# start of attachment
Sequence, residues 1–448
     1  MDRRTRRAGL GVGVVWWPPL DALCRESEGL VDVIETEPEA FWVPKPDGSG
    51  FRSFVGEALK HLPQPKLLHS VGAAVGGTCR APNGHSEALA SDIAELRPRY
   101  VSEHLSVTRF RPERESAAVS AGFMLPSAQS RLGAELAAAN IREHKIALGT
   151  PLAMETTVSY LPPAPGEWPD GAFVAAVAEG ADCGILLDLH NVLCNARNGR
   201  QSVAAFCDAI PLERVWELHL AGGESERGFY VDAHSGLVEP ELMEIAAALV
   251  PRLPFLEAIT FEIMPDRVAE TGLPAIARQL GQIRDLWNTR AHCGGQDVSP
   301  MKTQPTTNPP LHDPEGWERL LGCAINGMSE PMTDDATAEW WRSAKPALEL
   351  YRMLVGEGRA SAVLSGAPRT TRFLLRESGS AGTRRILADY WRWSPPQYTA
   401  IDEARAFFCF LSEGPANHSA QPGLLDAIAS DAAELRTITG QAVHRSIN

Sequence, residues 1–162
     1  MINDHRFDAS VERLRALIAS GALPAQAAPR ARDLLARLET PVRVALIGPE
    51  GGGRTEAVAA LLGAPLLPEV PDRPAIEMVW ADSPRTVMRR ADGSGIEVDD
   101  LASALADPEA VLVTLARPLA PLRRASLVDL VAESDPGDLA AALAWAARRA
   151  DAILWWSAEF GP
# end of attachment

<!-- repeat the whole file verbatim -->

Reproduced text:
Sequence, residues 1–448
     1  MDRRTRRAGL GVGVVWWPPL DALCRESEGL VDVIETEPEA FWVPKPDGSG
    51  FRSFVGEALK HLPQPKLLHS VGAAVGGTCR APNGHSEALA SDIAELRPRY
   101  VSEHLSVTRF RPERESAAVS AGFMLPSAQS RLGAELAAAN IREHKIALGT
   151  PLAMETTVSY LPPAPGEWPD GAFVAAVAEG ADCGILLDLH NVLCNARNGR
   201  QSVAAFCDAI PLERVWELHL AGGESERGFY VDAHSGLVEP ELMEIAAALV
   251  PRLPFLEAIT FEIMPDRVAE TGLPAIARQL GQIRDLWNTR AHCGGQDVSP
   301  MKTQPTTNPP LHDPEGWERL LGCAINGMSE PMTDDATAEW WRSAKPALEL
   351  YRMLVGEGRA SAVLSGAPRT TRFLLRESGS AGTRRILADY WRWSPPQYTA
   401  IDEARAFFCF LSEGPANHSA QPGLLDAIAS DAAELRTITG QAVHRSIN

Sequence, residues 1–162
     1  MINDHRFDAS VERLRALIAS GALPAQAAPR ARDLLARLET PVRVALIGPE
    51  GGGRTEAVAA LLGAPLLPEV PDRPAIEMVW ADSPRTVMRR ADGSGIEVDD
   101  LASALADPEA VLVTLARPLA PLRRASLVDL VAESDPGDLA AALAWAARRA
   151  DAILWWSAEF GP